Published: Sat, May 06, 2017
Global | By Maureen Mccoy

The Sun newspaper mistakenly published a story suggesting Prince Philip had died

The Sun newspaper mistakenly published a story suggesting Prince Philip had died

He said: "Nobody deserves retirement more than Prince Philip".

Britain s Prince Philip, the 95-year-old husband of Queen Elizabeth II, will retire from public engagements later this year, Buckingham Palace said Thursday in a surprise announcement.

Mass panic engulfed worldwide media as word of "an emergency meeting" trickled out of Buckingham Palace in the wee hours of Thursday morning (local time), but fears were allayed by Prince Philip's announcement.

Despite being at the forefront of the royal family for nearly 70 years and also patron, president or a member of more than 780 organisations, he has no clear-cut constitutional role and has admitted struggling to carve out a role for himself as the queen's consort.

The queen will continue to carry out "a full program of official engagements" with the support of other members of the royal family, it said.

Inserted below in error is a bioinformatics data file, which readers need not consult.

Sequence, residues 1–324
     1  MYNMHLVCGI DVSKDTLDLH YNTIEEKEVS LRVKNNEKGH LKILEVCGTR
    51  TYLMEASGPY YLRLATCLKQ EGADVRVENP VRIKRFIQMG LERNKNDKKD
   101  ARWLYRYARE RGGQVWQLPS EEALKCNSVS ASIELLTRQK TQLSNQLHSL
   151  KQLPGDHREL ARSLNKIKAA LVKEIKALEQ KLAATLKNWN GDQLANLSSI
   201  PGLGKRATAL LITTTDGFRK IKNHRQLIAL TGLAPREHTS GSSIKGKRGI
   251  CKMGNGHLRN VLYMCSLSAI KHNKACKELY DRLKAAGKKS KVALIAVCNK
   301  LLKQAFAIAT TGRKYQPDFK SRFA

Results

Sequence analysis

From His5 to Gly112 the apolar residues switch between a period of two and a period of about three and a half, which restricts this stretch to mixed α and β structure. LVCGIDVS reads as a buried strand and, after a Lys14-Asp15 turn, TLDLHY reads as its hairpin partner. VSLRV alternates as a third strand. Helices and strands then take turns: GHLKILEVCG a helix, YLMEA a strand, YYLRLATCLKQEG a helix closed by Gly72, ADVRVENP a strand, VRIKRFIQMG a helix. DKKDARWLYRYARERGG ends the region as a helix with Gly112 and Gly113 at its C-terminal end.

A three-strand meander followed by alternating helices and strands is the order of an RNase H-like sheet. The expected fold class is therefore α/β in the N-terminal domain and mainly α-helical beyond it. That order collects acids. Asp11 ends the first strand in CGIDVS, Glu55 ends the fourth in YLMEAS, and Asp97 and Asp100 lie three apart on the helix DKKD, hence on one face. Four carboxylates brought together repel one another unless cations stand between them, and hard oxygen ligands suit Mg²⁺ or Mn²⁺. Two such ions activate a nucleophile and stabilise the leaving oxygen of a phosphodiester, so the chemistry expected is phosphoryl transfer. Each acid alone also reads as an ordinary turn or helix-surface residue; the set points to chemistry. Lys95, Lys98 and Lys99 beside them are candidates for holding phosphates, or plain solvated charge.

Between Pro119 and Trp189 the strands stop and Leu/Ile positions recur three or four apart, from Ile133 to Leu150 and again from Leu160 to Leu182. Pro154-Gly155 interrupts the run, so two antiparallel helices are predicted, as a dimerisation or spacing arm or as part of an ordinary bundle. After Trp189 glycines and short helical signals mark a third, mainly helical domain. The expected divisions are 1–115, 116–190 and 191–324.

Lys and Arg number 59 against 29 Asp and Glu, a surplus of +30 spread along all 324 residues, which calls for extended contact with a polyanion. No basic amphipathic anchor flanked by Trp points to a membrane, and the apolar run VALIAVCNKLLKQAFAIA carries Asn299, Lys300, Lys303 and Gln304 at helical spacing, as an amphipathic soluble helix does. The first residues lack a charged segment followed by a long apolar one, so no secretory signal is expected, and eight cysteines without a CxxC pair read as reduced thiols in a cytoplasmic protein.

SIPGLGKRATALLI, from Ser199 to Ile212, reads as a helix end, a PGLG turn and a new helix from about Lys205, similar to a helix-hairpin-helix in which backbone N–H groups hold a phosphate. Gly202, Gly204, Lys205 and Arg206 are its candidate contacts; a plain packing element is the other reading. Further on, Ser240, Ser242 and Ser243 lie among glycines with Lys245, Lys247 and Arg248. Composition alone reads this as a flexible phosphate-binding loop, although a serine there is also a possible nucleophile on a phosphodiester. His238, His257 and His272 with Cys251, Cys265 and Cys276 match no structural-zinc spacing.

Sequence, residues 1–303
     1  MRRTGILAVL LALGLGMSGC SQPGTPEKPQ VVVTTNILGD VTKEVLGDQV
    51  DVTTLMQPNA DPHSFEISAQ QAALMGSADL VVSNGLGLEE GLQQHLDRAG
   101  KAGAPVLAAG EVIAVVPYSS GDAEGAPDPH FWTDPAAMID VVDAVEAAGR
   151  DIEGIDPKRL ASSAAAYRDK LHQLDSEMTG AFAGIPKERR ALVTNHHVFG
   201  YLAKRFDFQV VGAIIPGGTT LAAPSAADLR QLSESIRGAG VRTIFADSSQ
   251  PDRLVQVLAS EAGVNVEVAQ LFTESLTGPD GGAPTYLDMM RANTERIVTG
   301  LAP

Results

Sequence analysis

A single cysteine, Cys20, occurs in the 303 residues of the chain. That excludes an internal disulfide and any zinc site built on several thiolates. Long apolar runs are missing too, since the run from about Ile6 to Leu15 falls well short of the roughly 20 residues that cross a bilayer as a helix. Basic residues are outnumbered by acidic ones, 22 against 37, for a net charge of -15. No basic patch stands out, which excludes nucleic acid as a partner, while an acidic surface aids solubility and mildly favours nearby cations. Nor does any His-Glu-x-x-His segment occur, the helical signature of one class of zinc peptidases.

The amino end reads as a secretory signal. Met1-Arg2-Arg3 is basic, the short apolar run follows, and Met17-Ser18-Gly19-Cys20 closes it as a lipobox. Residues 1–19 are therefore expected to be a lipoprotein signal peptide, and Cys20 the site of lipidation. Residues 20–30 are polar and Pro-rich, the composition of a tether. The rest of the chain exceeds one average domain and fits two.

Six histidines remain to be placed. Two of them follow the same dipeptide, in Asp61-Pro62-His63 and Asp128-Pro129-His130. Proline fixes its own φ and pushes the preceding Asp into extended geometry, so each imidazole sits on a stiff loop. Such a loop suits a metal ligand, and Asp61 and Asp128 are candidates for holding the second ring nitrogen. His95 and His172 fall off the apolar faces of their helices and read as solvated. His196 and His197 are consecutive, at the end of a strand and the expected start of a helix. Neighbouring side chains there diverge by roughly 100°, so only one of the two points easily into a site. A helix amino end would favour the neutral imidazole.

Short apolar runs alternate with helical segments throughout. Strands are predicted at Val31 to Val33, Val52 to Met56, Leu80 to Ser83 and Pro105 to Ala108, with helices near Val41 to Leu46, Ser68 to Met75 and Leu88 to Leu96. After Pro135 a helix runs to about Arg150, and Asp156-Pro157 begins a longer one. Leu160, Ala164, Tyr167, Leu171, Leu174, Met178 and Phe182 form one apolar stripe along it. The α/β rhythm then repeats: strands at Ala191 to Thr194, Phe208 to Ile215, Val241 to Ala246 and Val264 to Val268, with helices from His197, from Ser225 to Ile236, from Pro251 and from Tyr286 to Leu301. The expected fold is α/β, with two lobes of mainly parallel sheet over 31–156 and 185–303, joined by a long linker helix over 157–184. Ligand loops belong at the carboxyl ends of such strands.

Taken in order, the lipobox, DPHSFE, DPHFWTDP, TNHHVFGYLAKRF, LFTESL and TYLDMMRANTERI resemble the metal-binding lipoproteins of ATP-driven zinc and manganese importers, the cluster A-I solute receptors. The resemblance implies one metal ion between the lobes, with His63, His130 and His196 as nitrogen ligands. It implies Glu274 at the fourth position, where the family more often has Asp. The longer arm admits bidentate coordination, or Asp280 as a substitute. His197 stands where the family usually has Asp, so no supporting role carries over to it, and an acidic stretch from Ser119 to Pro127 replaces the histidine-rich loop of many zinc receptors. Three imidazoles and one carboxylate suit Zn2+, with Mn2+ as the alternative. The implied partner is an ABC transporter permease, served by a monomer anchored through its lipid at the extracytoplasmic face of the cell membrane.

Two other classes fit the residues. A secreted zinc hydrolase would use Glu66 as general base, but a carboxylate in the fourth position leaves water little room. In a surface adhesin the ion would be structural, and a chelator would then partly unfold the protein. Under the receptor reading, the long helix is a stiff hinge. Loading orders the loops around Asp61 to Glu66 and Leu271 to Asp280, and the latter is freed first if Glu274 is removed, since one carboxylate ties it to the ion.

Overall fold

The prince, also known as the Duke of Edinburgh, and who has been by his wife's side throughout her 65 years on the throne, had decided he would cease public duties from autumn, the palace said in a statement.

It was after the war that he was given permission to marry Queen Elizabeth, before which, he abandoned his Greek and Danish royal titles to became a naturalised British subject, taking on his paternal grandfather's surname of "Mountbatten".

But the royal family s patriarch, who conducted 219 royal engagements a year ago, has been gradually reducing his workload in his nineties.

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The duke "may still choose to attend certain public events from time to time", the palace said.

They married in 1947 and will celebrate their 70th wedding anniversary on November 20. From the fall, then, the man behind the Queen will rest, while Queen Elizabeth will continue to carry out her duties.

While just hours after the official announcement was made he also joked about his advanced years at palace reception.

He represented the royal family in more than 200 events in 2016. "The duke decided this is the right time; he s almost 96 and most people will have retired 30 years earlier", the aide added.

But he has been reducing his workload in recent years, and said in 2011 that "I reckon I've done my bit, so I want to enjoy myself a bit now".

Diane Cole, 76, a retired Briton living in Melbourne, Australia, said: "The thing I like the most is when he. speaks his mind".

Philip saw the amusing side of the announcement on Thursday when he met mathematician Sir Michael Atiyah at a reception for members of the Order of Merit at St James's Palace.

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